The Elbow Method can sometimes provide a very clear answer, but often it's hard to discriminate the elbow or bend that reveals the best clusters. In the absence of a clear elbow, one can then turn to the Silhouette Method, which involves examining the average Silhouette Coefficient (SC) and finding the number of clusters k that maximize this value (with the ...


0

What this plot is saying is that you only have two predicted values from your model. One way that this could happen is that you only have one independent variable and it has only two levels. So, for instance, if you are trying to model weight based on sex, this sort of thing could happen. It is also showing that the residuals are much bigger than the ...


1

This is a histogram with superimposed kernel density for two variables, with no overlap in the data. If you are looking for a name for the plot, I would suggest "Histogram and KDE of Predicted Classification Probabilities". (You will need to add axis labels and a legend to your plot so that it makes sense.)


0

That looks a lot like the efficient frontier from modern portfolio theory. The efficient frontier is a set of attainable portfolios, the x-axis being the scale of risk with higher risk to the right, and y-axis being the scale of return with higher return being higher. The frontier line is made up of theoretical portfolios of all risky assets.


0

One way to account for (or "control for") a covariate in a regression is to "take it out of the model" by regressing all other variables against that covariate and retaining only the residuals from those regressions. See https://stats.stackexchange.com/a/46508/919 for an illustrated explanation and https://stats.stackexchange.com/a/113207/919 for a more ...


1

You're right: Boxplots are a good way to show data, but when there are few data it is recommended to just plot the actual data themselves. Further, you are most interested in showing the relationship within the pairings (probably the difference, but possibly their ratio, etc.), not the raw data, although they could be plotted in the background. For a ...


0

For such data I would start out with visualization, in this case a Bland-Altman plot (or Tukey mean-difference plot.) For an example, see Bland & Altman plot for repeated measures using one measuring device. In this case, maybe plotting on the x axis the IQbefore, and on the y-axis the change score IQafter-IQbefore. Then color the points according to ...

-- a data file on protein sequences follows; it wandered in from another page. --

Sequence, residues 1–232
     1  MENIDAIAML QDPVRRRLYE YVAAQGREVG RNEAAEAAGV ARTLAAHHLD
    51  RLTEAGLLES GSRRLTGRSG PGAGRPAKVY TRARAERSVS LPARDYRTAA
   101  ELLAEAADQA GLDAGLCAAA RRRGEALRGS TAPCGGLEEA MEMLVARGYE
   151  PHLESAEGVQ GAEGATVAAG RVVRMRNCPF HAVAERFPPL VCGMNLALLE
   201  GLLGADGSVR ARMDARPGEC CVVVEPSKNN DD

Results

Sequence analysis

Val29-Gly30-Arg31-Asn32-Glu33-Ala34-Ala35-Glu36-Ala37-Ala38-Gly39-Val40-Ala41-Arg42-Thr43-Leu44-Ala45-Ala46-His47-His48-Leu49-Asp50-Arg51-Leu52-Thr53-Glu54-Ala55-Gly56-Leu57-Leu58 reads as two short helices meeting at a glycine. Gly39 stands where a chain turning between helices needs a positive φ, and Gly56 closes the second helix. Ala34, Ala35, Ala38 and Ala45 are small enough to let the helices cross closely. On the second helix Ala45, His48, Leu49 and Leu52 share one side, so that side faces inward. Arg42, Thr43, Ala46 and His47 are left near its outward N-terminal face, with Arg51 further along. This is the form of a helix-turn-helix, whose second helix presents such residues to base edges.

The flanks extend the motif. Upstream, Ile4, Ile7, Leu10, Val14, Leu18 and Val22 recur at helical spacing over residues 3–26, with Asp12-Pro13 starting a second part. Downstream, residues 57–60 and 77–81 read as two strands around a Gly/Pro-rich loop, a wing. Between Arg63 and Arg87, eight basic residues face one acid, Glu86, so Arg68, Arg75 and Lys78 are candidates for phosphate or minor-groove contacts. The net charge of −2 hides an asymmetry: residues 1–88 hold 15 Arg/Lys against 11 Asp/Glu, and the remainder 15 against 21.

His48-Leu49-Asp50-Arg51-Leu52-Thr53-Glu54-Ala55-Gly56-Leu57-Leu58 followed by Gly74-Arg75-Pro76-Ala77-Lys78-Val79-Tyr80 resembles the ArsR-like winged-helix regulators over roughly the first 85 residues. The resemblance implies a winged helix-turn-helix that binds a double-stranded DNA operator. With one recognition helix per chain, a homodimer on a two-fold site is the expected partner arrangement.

0

I finally found out (via this README file) that the mentioned Shiny app by Matthew Leonawicz can be run locally in R with install.packages("devtools") devtools::install_github("leonawicz/snapapps") library(snapapps) snapp("rv4") (The description for accessing it online does not work, however.) I also liked this "Distribution calculator", which is online, ...


2

Choice of plots depends on what you want to communicate to the reader, so it is always a contextual issue. Assuming that your goal is simply to give the reader a sense of the distribution of the file sizes, a histogram of the data is perfectly reasonable. Once you add clear axis titles and a plot title, the histogram you have constructed ought to be ...


2

As you already mentioned the Kruskal-Wallis test is a test of significance based on the ranks. In my opinion however, plotting the ranks isn't really that helpful for the reader in order to understand the underlying response variable. Instead, what I would do is to plot the individual data points (including the median for descriptive purposes) plus the ranks ...


1

Partial dependence doesn't tell you the full story. You are looking at the marginal effect of one predictor on the response variable. It's just like the marginal distribution doesn't tell you the full story of the joint distribution. The graphs that motivate individual conditional expectation here (https://blogs.sas.com/content/subconsciousmusings/2018/06/12/...